Why You Should Track Your Spending

Quick Answer

Here are five reasons why you should track your spending:

  1. Stick with your budget
  2. Spot ways to cut back
  3. Avoid debt
  4. Reach new goals
  5. Plan for taxes
A woman using a laptop to track her spending, sitting at a desk holding a coffee mug.

Tracking your spending can help you manage your money well and make progress towards your goals. When you know where each dollar is going, you're more empowered to make changes to your cash flow. You'll also have a good understanding of how much you're able to save toward new financial goals.

Tracking your spending is a simple enough money move, but the results can be far-reaching. Being consistent about tracking your expenses over time can help you avoid debt, nail your goals and more. Here are five reasons to track your spending.

1. Stick With Your Budget

One of the biggest reasons to track your spending is that it can help you stick to your budget. When you set up a budget, you create targets for how much you think your expenses will tally up to, plus how much money you want to spend in various categories. But if you don't have a system for knowing how much you're actually spending versus what you'd planned, it's easy to blow your budget.

Using a budgeting app, a spreadsheet or an old school pen and paper approach to track your spending allows you to make real-time decisions and cut back if you're overspending in a certain area. So, if you go over on grocery spending in a given week, for instance, you can pull money from another category, such as dining out or shopping. Being able to course correct in real time helps you keep your cash flow positive.

2. Spot Ways to Cut Back

Not only does tracking your spending help you pivot to stop overspending in the moment, but it gives you overarching insight on where your money goes. In particular, you can use this information to tweak your discretionary spending. For example, maybe you realize you're spending more of your income than you'd like on ordering takeout. You can build new frugal habits, like cooking dinner each night or meal prepping on the weekends, to support yourself in cutting back in this area. It all starts with becoming more conscious of your spending patterns.

3. Avoid Debt

Actively monitoring how much you're spending throughout the week and month can help you avoid debt. By spending less than you earn, you can avoid using credit cards to cover the difference. When you do use credit cards, you can track your purchases to ensure you're spending within your means. Then, you can pay off your balance before the end of the grace period to avoid paying interest.

Or, if you currently carry balances, tracking your spending can help you free up funds to pay off your debts faster. By being aware of your expenses, sticking to a budget and finding new ways to cut back, you'll have the opportunity to free up more funds and allocate them toward debt repayment. In turn, you'll save even more money on interest by paying off your credit card debt and loans in less time.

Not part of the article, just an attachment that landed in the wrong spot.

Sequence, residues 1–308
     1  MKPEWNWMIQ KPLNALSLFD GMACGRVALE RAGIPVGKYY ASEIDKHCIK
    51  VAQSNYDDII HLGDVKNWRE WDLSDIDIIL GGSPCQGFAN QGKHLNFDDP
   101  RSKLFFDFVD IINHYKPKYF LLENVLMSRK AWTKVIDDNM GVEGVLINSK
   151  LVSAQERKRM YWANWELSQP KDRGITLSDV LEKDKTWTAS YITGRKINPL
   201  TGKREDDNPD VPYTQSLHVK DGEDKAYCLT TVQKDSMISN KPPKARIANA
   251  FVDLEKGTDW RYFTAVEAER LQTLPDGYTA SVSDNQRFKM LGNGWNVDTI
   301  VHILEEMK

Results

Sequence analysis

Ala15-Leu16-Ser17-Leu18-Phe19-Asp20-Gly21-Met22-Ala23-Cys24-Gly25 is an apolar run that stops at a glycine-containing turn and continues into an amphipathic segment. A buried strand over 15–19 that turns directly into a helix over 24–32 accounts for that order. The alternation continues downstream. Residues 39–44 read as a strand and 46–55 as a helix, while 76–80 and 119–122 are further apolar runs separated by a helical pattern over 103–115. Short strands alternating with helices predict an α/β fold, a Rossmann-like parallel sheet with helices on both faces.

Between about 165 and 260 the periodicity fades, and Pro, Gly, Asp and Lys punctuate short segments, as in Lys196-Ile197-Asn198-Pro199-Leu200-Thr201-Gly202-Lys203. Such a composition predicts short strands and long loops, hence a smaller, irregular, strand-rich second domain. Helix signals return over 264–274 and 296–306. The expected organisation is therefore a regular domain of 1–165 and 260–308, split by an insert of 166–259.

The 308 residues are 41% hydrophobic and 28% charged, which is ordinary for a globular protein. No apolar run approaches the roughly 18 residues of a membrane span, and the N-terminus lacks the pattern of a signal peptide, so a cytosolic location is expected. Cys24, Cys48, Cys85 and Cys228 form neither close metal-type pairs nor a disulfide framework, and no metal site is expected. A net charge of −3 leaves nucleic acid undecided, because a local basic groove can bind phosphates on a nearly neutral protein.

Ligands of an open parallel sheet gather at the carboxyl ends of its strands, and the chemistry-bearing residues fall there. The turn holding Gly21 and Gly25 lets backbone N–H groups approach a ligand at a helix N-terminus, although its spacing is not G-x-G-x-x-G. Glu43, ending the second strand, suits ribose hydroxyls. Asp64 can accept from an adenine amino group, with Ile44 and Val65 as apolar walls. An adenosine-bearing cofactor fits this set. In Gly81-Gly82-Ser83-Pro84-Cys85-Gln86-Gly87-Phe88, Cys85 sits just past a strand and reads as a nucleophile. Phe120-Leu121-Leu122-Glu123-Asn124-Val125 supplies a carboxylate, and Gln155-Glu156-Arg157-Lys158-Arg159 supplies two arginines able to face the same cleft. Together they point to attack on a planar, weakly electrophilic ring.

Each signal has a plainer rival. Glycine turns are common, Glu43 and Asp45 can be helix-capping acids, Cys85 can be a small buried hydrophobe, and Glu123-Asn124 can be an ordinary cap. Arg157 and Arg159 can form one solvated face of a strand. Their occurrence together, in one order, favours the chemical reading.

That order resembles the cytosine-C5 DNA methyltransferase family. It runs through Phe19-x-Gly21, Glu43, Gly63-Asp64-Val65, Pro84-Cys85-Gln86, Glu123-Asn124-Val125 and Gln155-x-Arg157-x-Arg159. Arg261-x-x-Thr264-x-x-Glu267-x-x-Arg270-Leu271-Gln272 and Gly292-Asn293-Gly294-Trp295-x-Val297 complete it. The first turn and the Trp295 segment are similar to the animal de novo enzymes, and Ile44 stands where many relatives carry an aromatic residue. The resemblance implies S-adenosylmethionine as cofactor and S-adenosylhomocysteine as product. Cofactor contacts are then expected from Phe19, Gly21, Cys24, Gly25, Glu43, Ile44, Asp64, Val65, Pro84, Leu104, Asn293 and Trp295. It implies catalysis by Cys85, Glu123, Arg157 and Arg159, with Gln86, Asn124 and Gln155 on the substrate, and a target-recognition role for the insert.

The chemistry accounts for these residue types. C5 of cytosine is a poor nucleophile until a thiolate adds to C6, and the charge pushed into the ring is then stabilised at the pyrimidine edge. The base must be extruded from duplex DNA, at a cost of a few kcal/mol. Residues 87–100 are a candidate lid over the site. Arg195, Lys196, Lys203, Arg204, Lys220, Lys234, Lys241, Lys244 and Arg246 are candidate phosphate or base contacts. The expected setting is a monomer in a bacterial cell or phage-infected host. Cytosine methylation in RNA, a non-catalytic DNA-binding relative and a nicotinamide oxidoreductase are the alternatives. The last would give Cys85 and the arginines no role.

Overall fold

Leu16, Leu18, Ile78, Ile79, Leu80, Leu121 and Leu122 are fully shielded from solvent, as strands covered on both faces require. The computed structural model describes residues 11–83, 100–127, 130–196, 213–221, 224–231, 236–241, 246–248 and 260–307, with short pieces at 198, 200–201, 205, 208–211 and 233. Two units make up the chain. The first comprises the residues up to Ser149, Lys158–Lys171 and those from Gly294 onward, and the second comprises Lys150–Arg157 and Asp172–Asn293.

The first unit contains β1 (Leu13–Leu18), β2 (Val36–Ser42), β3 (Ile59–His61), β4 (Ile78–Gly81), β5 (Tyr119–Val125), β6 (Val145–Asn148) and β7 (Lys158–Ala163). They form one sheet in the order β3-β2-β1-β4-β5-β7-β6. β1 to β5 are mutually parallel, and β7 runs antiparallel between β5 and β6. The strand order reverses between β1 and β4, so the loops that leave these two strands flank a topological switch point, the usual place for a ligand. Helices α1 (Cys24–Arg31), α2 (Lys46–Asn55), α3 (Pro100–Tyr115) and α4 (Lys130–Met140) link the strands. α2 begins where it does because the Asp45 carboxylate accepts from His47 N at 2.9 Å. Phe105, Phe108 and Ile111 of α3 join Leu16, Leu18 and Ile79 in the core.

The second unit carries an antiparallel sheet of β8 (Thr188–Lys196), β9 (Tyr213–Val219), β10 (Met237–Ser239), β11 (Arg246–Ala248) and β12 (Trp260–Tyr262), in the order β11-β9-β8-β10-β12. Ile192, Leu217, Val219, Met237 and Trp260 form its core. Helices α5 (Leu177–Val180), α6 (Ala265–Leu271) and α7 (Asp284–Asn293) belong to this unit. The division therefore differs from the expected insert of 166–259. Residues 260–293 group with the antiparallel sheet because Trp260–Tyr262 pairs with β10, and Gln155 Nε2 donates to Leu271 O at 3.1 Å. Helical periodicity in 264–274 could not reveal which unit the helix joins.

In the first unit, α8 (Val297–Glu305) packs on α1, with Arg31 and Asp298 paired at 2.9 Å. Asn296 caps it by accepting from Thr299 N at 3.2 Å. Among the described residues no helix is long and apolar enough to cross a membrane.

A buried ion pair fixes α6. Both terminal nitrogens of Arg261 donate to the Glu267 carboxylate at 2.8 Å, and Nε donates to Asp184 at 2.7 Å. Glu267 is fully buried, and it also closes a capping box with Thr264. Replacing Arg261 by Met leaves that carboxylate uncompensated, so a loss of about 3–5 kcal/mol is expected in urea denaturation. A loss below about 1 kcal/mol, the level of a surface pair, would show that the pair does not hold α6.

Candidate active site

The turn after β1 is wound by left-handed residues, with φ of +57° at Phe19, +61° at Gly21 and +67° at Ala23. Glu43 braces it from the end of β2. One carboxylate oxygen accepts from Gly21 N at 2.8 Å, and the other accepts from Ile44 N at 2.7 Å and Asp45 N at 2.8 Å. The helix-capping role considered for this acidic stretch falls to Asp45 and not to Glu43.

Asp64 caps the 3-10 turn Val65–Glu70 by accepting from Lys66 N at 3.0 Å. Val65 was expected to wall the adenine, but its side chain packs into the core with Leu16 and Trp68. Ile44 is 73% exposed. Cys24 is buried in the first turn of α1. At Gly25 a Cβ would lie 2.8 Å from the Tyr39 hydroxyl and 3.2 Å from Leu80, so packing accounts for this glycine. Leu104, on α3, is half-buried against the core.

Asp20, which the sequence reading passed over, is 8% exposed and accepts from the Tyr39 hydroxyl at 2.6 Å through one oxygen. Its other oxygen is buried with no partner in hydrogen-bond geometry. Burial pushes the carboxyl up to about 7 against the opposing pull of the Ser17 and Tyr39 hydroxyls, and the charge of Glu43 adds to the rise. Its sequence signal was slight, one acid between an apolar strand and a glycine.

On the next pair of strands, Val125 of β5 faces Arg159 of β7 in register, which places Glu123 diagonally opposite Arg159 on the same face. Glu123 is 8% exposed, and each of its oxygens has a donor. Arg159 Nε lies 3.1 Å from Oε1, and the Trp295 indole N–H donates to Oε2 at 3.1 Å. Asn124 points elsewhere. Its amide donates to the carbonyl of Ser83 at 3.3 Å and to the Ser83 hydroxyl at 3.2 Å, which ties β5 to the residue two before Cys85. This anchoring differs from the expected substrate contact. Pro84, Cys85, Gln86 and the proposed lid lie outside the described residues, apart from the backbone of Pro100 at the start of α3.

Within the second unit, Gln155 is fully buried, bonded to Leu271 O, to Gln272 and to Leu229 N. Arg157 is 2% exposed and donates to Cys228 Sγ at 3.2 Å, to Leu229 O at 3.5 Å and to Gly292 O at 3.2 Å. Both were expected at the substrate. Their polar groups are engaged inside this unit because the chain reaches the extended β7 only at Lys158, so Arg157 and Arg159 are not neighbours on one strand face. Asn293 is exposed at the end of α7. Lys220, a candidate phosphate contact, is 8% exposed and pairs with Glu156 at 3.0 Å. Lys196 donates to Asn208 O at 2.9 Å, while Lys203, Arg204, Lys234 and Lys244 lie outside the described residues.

4. Reach New Goals

You can use a spending log to make it easier to set and hit new savings goals. When you know where your money goes, you have a reliable idea of how much money you tend to have leftover after paying for expenses and discretionary spending each month. That can help you create a realistic plan for how much money you want to save toward a given goal each week, month or paycheck.

For example, you could set a goal to build a flush emergency fund, save for a down payment on a house or create a travel and vacation sinking fund. Then, you can set up automatic transfers into your savings account. By planning ahead for large expenses and building emergency savings, you can build up your financial resilience and remain stable when emergency expenses come your way.

5. Plan for Taxes

Tracking your expenses throughout the year can make tax season a little easier. The more organized you are, the easier it will be to file on time and the faster you can receive your tax refund, if you're owed one.

For example, the child and dependent care credit and American opportunity tax credit are commonly claimed credits that require you to have qualified expenses to claim them. Also, if you work as a freelancer, have a side gig or own a small business, it's all the more critical to track exactly what you're spending money on. You can deduct certain expenses related to your business from your self-employment income, so tracking your spending and keeping good records is essential if you work in the gig economy.

The Bottom Line

Tracking your spending can help you bridge the gap between your budget goals and your actual spending. Staying aware of your finances, spending less than you earn, avoiding debt and building savings are all key money habits that can help you build up financial stability and grow wealth over time.

In addition to tracking your spending, you can track your credit for free through Experian. Staying in the know about your credit report and score can help you understand what types of credit and loans you may be able to qualify for. You'll also get personalized insights into ways you can improve your score.